By Gary Mechanic, Executive Director
Following the recent solar eclipse, Friends of the Fox River’s President Gary Swick drew a parallel in his monthly newsletter article between the ancient anxiety caused by the temporary darkness of an eclipse, and the depressing darkness that many of us feel about the temporary (we hope) rollback of federal environmental protections. One way to deal with this kind of darkness is by envisioning a brighter future, sharing the vision, and engaging everyone’s enduring hope for a healthier river, watershed, and world.
In hopes of lighting some lights, Friends of the Fox River rented one of the St. Charles Paddlewheel boats, invited speakers from governments, our environmental partners, sub-watershed groups, recreational user groups, and local citizens and visionaries like Charlie Zine from Aurora. We boarded the boat and set off on the evening of Saturday, September 23rd to share our speaker’s visions for the future of the Fox River.
We also hoped that by “crowd-sourcing” and sharing visions from a broad variety of viewpoints throughout the Fox Valley, from the headwaters to the confluence, we could inspire a larger agreement about what the river needs, and find new ways to work together toward a common vision for a healthier watershed and a cleaner, more vibrant river.
The unusual heat of those early fall days is nearly forgotten now, but by the time we boarded the “Queen of the Fox River” around 6 P.M., the temperature was almost comfortable. Still, once the more than 50 passengers got a cool beverage and some snacks, everyone headed for the breezes and beautiful views of the river on the upper deck.
A dozen speakers spoke about their organization’s work and future plans to improve access, preserve, protect and expand habitat, increase recreational use, enhance the fish populations, attract more visitors, manage and reduce stormwater, and educate the general public about our relationship with, and impacts on the natural world.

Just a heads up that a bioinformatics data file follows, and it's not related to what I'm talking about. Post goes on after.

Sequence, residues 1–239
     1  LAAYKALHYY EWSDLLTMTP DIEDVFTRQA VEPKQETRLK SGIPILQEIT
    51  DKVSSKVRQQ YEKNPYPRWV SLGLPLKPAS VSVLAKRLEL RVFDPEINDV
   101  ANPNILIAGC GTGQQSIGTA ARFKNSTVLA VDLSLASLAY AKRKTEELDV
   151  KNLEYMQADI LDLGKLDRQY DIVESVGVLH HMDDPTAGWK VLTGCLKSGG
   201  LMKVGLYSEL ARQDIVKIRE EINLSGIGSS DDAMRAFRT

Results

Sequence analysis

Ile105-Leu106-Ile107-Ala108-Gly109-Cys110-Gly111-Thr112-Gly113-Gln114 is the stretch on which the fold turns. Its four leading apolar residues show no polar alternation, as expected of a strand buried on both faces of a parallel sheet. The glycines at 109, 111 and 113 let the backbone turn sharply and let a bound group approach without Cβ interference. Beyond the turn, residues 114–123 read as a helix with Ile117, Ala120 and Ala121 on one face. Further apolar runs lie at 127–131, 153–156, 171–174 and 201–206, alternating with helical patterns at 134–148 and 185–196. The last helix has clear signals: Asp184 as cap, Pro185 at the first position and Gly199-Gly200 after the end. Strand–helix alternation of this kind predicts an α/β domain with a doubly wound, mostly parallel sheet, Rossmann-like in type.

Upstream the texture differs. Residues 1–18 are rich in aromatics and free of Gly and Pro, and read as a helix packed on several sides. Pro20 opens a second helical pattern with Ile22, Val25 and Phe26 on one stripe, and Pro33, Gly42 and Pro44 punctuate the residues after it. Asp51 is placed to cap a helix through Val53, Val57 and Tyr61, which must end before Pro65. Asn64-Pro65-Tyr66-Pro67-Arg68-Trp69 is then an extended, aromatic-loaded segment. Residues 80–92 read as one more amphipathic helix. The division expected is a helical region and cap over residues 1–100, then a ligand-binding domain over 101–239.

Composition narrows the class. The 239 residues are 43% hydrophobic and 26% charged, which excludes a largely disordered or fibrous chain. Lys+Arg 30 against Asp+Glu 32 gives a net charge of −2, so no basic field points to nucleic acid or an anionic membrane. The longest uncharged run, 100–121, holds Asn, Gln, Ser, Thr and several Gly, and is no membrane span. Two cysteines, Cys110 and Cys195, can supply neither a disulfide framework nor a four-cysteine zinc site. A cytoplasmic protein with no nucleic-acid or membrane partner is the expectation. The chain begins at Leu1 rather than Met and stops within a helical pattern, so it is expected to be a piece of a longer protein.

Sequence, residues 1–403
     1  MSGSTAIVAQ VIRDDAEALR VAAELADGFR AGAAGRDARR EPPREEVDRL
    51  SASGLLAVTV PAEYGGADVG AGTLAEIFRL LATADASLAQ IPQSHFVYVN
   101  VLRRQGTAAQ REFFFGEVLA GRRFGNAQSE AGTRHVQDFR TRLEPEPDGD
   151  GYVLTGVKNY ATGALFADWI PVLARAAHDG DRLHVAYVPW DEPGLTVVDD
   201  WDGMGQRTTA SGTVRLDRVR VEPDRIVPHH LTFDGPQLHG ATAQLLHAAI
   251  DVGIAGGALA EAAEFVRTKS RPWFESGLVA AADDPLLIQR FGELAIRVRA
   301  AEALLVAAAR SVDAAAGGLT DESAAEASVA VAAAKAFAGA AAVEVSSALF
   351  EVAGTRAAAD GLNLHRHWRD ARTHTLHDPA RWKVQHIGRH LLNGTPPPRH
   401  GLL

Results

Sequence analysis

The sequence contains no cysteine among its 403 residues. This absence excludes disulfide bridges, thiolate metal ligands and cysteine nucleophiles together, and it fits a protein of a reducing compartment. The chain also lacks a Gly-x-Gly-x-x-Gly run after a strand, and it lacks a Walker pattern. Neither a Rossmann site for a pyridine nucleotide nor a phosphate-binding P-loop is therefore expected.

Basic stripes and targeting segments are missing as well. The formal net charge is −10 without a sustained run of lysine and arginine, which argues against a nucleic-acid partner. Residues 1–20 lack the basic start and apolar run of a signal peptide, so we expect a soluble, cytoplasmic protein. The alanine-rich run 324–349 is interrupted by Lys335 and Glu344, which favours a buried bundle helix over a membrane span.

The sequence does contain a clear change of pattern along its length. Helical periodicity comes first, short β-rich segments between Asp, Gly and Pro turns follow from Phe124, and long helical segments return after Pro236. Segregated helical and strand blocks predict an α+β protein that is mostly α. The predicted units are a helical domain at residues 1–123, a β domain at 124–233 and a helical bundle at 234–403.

Karen Ann Miller, Executive Planner in Kane County’s Development Department, shared the vision of a continuous National Recreational Water Trail from Waukesha to Ottawa for the quiet and environmentally friendly use of human powered watercraft. Karen had to raise her voice a bit to be heard over the combined roars of the powerboats and jet skis powering up and down the river on a warm Saturday evening.
“Our vision was predicated on two principles: First, the Fox River itself belongs to all the people—held in trust by the two states— and should be valued and protected as a sanctuary for wildlife and people like a national park, “for the benefit and enjoyment of the people.”
Second, we understood that any dying river ecosystem can only be restored successfully on a watershed scale. We believed an uncoordinated, piecemeal approach to river conservation work—with just a few enlightened organizations and agencies participating—would not even come close to doing the job. It will take all of us.
We all live downstream and all citizens and jurisdictions must step up to the plate and be on the same page at the same time to stop the decline and restore our dying river. Each state, county, and community must work in harmony from the same restoration management plan to bring our river system back to life—which can only occur through the leadership and coordination of a companion watershed council or an Interstate Fox River Restoration Commission.”
Jeff Mengler from the Fox River Ecosystem Partnership made essentially the same point. While there is an “alphabet soup” of environmental organizations on the Fox River….FOFR, FREP, FSG, CF, etc., we are all working on parts of the same problem and only through a larger partnership, across all sectors of society, can we reverse the degradation of our river and this ecosystem.
The sun had set and it was dark as we returned to the St. Charles Paddlewheel Boat dock. But somehow the world seemed just a bit brighter than when we left.